If you haven’t heard or couldn’t tell, MSU forward Raymar Morgan has been reeling the past couple weeks.
The junior has been hampered by a nagging case of the flu since the middle of the month, and it has severely affected his play in each of the past three games.
Morgan’s scoring average has dropped from 15.1 points during the first 16 games of the season to just 4.3 points over the last three. He’s shot just 3-of-9 from the field during the stretch.
Granted, Morgan’s numbers aren’t completely indicative of his decline in production. His playing time has dipped from 27.1 minutes to 23.3 since catching the flu, and he’s very rarely been on the court long enough to get into a rhythm.
But even during short stints on the court, his lack of health has been discernible simply by observing his body language.
“Poor Raymar, he’s just sicker than a dog,” MSU head coach Tom Izzo said Sunday after No. 9 MSU’s 78-67 victory over Ohio State in Columbus, Ohio.
“He just can’t go. I mean it’s three minutes, three minutes, two minutes. The poor kid just can’t get rid of it. It’s been nine days.”
I’m no doctor, and I won’t pretend to be, but based on Izzo’s medical analysis, wouldn’t sitting Morgan until he’s fully recovered be the prudent
course of action?
If Morgan’s presence was indispensable or his stats weren’t suffering, I would feel differently about the matter. In fact, I would say leave him on the court until he coughs up a lung or sneezes off his nose.
But the Spartans are in the fortuitous position of not having to make that difficult decision, and should look no further than Sunday’s game for proof regarding why.
Making his third start of the season, sophomore guard Durrell Summers scored a career-high 26 points against the Buckeyes. Although Summers started in place of Travis Walton, he proved that he would be more than capable of holding down the fort until Morgan recovers.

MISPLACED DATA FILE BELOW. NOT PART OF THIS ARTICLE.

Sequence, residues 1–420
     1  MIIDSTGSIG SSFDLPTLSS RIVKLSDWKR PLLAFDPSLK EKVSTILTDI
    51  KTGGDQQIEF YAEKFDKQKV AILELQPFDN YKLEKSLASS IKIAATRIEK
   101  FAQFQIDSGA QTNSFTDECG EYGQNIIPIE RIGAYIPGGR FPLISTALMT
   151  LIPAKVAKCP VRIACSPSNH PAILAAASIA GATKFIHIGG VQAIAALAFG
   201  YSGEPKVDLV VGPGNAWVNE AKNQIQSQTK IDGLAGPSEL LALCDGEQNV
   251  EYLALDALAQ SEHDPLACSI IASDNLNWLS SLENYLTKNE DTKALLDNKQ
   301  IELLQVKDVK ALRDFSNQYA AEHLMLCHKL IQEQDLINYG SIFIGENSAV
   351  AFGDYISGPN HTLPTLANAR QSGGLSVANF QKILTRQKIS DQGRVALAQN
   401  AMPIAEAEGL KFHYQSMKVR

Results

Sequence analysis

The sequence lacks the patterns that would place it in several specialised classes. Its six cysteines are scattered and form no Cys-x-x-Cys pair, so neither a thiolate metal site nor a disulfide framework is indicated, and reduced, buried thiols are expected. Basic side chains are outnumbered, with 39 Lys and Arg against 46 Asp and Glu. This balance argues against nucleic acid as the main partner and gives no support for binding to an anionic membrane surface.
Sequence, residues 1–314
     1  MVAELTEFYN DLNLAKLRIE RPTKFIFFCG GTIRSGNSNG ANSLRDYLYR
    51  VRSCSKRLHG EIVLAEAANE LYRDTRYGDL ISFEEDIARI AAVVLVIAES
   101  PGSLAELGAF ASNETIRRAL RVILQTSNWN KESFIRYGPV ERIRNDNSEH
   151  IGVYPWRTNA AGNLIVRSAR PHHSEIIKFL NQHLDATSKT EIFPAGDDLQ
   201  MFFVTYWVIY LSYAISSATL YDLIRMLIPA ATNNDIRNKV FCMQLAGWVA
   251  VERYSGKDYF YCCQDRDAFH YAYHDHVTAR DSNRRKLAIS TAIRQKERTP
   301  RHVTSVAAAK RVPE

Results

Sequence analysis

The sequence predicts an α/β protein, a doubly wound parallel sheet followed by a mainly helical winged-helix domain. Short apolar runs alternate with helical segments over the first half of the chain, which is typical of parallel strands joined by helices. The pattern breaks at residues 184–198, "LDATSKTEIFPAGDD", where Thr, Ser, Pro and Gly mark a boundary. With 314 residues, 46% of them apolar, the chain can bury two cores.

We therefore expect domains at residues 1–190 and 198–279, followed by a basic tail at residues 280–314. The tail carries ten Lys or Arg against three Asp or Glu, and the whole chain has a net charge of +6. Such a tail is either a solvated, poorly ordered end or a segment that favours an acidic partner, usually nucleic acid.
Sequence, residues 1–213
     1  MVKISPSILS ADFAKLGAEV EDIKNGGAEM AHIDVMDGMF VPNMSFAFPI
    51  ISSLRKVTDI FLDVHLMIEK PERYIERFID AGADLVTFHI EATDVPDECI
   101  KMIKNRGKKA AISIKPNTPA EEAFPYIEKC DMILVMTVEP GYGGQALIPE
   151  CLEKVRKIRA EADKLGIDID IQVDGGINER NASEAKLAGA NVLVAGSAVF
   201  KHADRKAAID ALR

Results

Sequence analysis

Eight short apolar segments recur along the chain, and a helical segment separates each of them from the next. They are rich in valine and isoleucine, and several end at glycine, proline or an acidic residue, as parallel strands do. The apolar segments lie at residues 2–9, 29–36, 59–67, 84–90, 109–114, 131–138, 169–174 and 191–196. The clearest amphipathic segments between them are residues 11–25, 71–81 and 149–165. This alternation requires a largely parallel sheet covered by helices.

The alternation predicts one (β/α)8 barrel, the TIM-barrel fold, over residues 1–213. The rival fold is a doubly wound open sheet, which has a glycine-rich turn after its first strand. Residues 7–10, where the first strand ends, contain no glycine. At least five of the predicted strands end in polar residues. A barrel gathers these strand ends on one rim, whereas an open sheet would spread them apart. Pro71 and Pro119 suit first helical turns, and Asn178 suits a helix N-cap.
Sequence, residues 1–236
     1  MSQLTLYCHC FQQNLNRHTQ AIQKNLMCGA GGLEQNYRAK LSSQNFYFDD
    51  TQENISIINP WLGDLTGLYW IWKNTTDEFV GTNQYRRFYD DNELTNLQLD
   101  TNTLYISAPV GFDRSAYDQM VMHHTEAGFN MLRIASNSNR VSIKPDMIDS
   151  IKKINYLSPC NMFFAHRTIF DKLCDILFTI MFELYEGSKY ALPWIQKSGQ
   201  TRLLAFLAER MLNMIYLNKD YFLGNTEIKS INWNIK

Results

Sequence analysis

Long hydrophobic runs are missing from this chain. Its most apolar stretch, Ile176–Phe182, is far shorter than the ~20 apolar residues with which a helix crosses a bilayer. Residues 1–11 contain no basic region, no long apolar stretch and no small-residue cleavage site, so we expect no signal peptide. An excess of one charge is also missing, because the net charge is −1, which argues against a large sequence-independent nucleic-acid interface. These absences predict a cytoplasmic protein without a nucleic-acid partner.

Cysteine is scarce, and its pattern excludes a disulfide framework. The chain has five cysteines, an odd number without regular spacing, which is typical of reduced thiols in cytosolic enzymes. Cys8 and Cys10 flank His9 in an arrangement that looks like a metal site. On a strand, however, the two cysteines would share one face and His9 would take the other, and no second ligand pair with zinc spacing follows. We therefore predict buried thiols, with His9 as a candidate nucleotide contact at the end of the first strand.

Summers is not the only player who could ably fill in for Morgan if he were shelved for a couple games. Despite his recent struggles, sophomore guard Chris Allen is a viable interim option. The same goes for senior forward Marquise Gray.
Obviously, Morgan does things on the court that none of the aforementioned players can. His versatility at 6-foot-8 causes matchup problems (even when he’s sick), and he’s blossomed into one of MSU’s best defensive players, as well. But with a pair of winnable games forthcoming — Thursday at Iowa (12-8 overall, 2-5 Big Ten) and Sunday against Penn State (16-5, 5-3) — the Spartans can afford to rest him for what promises to be a grueling month of February.
When senior center Goran Suton was shelved for a month while recovering from arthroscopic knee surgery, the Spartans proved they had the depth to overcome an injury to one of its best players. Based on what I’ve seen, there’s no doubt that those players, as well as a host of others, could do the same for Morgan.
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